F. L. Belson
Seldom have the figures of any bowler made more impressive reading than did those of the Derbyshire fast-medium bowler, Herbert Leslie Jackson, which enabled him to head the first-class bowling averages of 1958. They read 829 overs, 295 maidens, 1,572 runs, 143 wickets at an average of 10.99 each. Impressive enough in any circumstances, but when it is realised that they were gained during a season throughout which Jackson suffered from a persistent groin-muscle injury, such figures represent a feat of the first magnitude.
Indeed, a search through Wisden back to 1900 has revealed that during this 20th century no bowler with at least 100 wickets to his credit in a season can match Jackson's final analysis of 1958. Only two Yorkshire left-arm slow bowlers approach him. In 1923 W. Rhodes took 134 wickets for 11.54 runs each, and in 1946 A. Booth had 111 for 11.61.
Small wonder that the inhabitants of Whitwell, the Derbyshire mining village of just under 5,000 population where Jackson has lived nearly all his life, declare with typical candour that their local hero should have had more honours. So highly do they think of Leslie Jackson, who was born at Whitwell on April 5, 1921, that they subscribed to buy him an inscribed gold wristlet watch in 1953, when he was also the top bowler in first-class cricket, apart from two amateurs, J. A. Bailey of Essex and C. J. Knott of Hampshire, who made only limited appearances that summer. Whitwell, incidentally, also nurtured Joe Davis, master cueman of billiards and snooker.
Jackson himself, a six-feet tall, wiry, quietly-spoken and modest man, is not the type to rail against the decisions of the selectors. He realises his own misfortune so far as honours are concerned in being at his best in a golden era of English fast bowlers, with such men as Statham, Trueman, Tyson, Loader and the immovable all-rounder Trevor Bailey, all claiming attention. Yet Derbyshire members regard him as the forgotten man of English cricket.
Let Jackson himself tell the story of his wonderful 1958 season and of the injury which played such a big part in the telling. He felt the strain during the first game at Oxford, but managed to keep going by having treatment and an occasional match off. For all this care, the trouble slowly became worse, and curiously, he says, reached a peak at a time when he, too, achieved the heights of success. In mid-July, against Leicestershire at Ashby-de-la-Zouch, he took seven for 30 and five for 37, following with seven for 34 and two for 42 against Essex at Westcliff, although his normally brisk run-up to the wicket had been reduced to a mere amble, much more walk than run. Still he contrived to extract pace and lift from the prevalently damp pitches of a wet summer. Expert attention from a specialist at Wolverhampton, who worked hard on his right thigh, eased the trouble, but it did not completely leave him while the season lasted.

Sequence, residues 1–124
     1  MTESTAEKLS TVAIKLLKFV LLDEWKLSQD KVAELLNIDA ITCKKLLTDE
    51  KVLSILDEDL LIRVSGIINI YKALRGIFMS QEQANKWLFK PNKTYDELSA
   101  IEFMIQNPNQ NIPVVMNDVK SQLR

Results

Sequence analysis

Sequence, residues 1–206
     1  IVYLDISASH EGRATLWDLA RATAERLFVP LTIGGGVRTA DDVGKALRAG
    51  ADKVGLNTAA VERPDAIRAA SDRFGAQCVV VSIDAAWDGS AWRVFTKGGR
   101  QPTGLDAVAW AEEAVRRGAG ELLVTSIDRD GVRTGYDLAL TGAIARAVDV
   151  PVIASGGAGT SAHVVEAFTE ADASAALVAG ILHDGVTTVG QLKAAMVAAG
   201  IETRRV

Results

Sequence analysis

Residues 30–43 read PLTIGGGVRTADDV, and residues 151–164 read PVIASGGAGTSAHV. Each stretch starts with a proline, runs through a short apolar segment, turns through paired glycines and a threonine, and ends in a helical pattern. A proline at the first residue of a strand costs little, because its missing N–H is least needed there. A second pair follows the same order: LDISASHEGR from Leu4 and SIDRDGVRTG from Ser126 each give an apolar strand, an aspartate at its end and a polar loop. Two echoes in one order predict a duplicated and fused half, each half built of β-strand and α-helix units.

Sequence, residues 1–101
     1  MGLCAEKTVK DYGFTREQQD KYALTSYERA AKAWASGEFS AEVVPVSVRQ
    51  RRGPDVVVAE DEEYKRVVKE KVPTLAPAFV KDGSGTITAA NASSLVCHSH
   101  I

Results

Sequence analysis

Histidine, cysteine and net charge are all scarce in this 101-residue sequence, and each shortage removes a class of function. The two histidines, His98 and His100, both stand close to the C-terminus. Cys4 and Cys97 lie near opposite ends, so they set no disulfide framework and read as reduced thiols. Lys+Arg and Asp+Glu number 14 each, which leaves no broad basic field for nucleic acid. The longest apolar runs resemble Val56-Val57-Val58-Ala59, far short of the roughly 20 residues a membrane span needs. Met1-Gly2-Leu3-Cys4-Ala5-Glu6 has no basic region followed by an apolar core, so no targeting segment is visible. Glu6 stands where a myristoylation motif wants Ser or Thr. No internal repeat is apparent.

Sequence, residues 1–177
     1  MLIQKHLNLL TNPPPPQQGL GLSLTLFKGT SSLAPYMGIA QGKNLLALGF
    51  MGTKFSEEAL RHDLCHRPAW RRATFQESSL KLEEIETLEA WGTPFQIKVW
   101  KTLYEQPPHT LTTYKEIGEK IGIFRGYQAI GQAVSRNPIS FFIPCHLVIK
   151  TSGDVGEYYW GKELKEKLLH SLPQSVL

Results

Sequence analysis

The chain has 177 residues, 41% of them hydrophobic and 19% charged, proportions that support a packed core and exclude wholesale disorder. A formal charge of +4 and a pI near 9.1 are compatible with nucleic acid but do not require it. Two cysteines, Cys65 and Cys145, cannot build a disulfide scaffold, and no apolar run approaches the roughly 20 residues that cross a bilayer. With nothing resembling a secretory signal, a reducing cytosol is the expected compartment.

Jackson estimates that he never bowled at more than two-thirds of his normal lively fast-medium pace throughout the summer and sometimes only at half pace. "But the pitches suited me, I bowled as straight as I could, and I found that the ball moved either way more than I usually make it do," is his own explanation of his remarkable success.
Certainly Jackson bowled perhaps his best ball, the late outswinger which also lifts, with rare venom and accuracy to the discomfiture, in particular, of the Hampshire batsmen during two Derbyshire victories in August which virtually extinguished Hampshire's bright Championship hopes. He took five for 10 and four for 16 at Burton where Hampshire were dismissed for 23 and 55, and at Bournemouth Jackson's analysis was six for 51 and five for 14.
These efforts occurred during an irresistible spell when Jackson wound up the season by taking 62 wickets at the fantastic low cost of 7.70 runs apiece in his last eight Championship matches.